The usual cast of characters were back at the negotiating table, trying to find a way to stem another round of U.S. tariff increases that were stayed in December after the Buenos Aires G20 meeting between U.S. President Donald Trump and Chinese President Xi Jinping.
U.S. Treasury Secretary Steven Mnuchin and Trade Representative Robert Lighthizer were back in Beijing, where they again sat across the table from Vice-Premier Liu He, China’s lead trade negotiator. The U.S. delegation also met Xi himself at the end of the talks on Friday.
Both nations said they had made progress to settle their disputes, but admitted there were still difficult issues to deal with. Negotiators will continue the talks in Washington next week.Enjoying this article? Click here to subscribe for full access. Just $5 a month.
The stakes are clear and the clock is ticking. The two sides need to arrive at an understanding by March 2, the day on which Trump has said he will move forward with an increase in tariffs.
At least that was the idea. In recent days, Trump has made multiple remarks that suggest the March deadline is anything but absolute. He has hinted he would be open to pushing it back if he sensed that a deal was around the corner. Reports have even suggested the White House is considering another 60-day extension of the tariff truce.
“They’re showing us tremendous respect,” Trump said of China’s attitude in the negotiations, adding that talks were “going along very well”. With Trump slated to travel to Asia at the end of the month for a second summit with North Korean leader Kim Jong-un in Hanoi, the prospect of a second meeting between him and Xi – right before the anticipated deadline – is very real.
What’s slowly slipping through the cracks in this process is a sustainable and long-term agreement on structural reform in China, which is what’s been at the centre of the Trump administration’s trade grievances.
Already articulated U.S. concerns cover a broad range of Chinese practices. The ideal short-term measures the American side would like to see include unconditional market access for U.S. firms in China; a less insulated environment for state-owned enterprise decision making; greater regulatory transparency; and fairer legal protections for American businesses in China.
As with so many aspects of the Trump administration’s foreign policy, the U.S. president’s personality is taking over the process, leaving his deputies who are doing the negotiating in a disadvantageous position. For China, the obvious answer then becomes not to discuss the nuances of what kinds of structural reform might be necessary with Lighthizer, but to simply get Xi in the room with Trump.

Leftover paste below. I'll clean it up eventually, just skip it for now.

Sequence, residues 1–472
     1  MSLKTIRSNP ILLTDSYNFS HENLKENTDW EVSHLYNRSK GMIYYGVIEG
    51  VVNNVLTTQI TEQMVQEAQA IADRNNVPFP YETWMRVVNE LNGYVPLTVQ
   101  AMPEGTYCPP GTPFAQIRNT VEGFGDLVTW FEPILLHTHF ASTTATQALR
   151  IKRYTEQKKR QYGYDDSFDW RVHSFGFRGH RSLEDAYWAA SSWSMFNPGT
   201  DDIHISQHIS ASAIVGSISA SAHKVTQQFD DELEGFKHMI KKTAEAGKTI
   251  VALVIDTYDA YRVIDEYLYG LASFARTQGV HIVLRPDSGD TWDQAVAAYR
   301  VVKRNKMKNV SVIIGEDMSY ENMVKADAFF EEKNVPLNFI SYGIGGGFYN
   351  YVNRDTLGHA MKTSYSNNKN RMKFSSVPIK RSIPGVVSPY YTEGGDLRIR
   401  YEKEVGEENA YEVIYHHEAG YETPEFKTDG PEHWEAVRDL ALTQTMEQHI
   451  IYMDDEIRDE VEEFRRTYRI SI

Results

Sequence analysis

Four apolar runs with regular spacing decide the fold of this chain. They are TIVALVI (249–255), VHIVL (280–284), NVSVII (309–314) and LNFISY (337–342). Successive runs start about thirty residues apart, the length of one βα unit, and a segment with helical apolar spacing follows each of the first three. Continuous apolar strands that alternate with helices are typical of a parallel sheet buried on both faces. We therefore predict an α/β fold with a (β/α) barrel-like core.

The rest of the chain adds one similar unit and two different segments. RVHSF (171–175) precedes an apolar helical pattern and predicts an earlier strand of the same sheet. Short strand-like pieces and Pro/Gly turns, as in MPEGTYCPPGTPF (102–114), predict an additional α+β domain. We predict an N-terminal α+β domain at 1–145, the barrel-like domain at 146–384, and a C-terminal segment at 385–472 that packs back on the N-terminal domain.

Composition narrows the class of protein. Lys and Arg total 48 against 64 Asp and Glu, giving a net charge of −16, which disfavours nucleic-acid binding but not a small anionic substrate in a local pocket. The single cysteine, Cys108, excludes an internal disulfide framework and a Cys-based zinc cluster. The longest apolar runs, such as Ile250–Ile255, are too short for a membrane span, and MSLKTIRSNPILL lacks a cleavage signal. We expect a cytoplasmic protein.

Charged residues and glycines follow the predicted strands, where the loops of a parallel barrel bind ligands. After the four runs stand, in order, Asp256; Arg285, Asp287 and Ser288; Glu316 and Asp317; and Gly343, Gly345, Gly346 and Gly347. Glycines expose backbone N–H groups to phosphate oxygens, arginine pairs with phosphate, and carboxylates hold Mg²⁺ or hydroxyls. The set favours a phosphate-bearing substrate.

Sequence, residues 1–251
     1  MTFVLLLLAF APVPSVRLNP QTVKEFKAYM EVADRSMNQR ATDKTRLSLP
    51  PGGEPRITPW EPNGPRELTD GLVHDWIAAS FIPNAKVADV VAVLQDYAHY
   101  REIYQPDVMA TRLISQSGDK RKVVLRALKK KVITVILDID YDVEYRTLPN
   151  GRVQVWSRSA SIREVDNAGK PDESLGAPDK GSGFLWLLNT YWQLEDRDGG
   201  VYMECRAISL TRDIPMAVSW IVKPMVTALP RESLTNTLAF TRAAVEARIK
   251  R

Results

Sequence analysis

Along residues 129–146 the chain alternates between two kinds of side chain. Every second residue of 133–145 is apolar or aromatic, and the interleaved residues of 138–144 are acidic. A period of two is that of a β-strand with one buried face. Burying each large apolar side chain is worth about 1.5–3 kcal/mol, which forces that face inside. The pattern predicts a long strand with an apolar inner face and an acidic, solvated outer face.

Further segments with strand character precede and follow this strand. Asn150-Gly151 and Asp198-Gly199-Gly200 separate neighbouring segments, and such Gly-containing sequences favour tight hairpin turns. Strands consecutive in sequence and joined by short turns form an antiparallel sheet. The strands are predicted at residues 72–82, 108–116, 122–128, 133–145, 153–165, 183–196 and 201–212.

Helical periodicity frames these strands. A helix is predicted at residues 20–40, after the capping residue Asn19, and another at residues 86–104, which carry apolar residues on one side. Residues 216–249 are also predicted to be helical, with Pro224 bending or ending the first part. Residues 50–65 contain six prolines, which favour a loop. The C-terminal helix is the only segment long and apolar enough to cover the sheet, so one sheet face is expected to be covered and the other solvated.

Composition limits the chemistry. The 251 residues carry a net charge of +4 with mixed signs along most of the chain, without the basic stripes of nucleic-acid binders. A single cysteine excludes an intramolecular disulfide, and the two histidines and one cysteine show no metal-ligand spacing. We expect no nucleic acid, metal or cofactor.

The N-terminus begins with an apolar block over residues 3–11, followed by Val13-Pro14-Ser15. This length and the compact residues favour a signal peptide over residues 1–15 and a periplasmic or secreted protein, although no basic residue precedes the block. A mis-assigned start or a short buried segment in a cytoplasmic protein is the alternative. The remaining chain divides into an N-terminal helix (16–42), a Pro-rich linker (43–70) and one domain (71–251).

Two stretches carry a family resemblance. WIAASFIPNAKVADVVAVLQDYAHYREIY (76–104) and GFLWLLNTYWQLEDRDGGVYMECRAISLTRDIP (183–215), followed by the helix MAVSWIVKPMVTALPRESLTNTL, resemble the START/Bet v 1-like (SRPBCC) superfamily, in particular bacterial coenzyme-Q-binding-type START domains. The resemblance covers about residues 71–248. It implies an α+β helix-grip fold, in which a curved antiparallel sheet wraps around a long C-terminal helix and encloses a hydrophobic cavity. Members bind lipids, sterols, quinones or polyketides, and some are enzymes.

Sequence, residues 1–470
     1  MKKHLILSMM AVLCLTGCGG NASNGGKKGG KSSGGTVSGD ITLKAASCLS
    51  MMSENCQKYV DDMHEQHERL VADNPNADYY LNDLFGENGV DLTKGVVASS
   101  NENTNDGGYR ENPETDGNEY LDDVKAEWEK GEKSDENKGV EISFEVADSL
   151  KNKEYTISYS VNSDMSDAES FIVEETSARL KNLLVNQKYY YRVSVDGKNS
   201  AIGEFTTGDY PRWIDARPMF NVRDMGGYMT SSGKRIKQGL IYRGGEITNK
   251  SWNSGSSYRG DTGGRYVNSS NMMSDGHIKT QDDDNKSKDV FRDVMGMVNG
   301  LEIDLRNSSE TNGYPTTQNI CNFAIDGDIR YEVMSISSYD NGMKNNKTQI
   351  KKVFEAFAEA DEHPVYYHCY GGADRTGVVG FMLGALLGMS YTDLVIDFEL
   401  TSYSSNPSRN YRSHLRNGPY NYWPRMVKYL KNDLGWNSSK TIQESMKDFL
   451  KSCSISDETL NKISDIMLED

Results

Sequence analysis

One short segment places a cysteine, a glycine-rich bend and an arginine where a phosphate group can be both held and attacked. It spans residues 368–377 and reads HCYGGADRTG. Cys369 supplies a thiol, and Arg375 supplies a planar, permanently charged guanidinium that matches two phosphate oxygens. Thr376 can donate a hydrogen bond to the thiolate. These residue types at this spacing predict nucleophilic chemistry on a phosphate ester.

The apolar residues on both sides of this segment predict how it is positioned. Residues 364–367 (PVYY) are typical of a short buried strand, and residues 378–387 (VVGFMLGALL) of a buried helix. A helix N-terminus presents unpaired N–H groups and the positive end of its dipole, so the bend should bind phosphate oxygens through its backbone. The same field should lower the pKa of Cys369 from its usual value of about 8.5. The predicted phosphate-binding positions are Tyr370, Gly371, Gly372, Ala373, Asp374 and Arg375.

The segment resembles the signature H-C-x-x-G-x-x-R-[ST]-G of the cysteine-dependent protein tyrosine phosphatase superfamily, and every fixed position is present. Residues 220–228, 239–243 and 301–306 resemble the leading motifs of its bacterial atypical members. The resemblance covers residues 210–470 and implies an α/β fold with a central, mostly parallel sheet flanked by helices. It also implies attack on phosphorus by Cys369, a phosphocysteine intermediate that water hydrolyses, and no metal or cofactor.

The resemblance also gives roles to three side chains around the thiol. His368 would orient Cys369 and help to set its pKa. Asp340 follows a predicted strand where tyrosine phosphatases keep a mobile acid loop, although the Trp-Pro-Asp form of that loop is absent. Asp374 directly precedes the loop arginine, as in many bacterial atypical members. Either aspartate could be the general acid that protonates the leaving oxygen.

This mirrors the lesson that North Korea’s Kim has taken away over the course of nearly a year of negotiations with the U.S.. Instead of expending any serious diplomatic capital in a detail oriented negotiation with the secretary of state or the president’s special representative, the key is to simply meet Trump and work out high-level arrangements mano a mano.
In this climate, we can’t expect a real resolution on the core issues. Everything from American misgivings about Beijing’s interventionist industrial policies that protect Chinese enterprises to broader structural shifts in the nature of the U.S.-China economic relationship since the turn of the century are on the table today – and they’ll stay there.
Xi and Trump may well find a temporary way out of the impasse, giving global investors the runway necessary to avert the panic that would likely ensue if the U.S. pushed ahead with a tariff increase on U.S.$200 billion in Chinese goods. Even if China doesn’t quite give the United States a down payment on structural reforms, Xi can promise Trump that he will chip away at the trade deficit while leaving untouched the issues that a more detail oriented negotiator like Lighthizer might zero in on.
If there is a “win-win” outcome here, it would be for Trump and Xi to find an agreeable arrangement that would allow the U.S. president to walk away looking tough to his base while leaving China’s core, long-term industrial policy trajectory unharmed. That would strip away any remaining negotiating leverage the U.S. side might have within the trade war, and it’s not unlikely.
This article first appeared at the South China Morning Post. It is republished here with kind permission.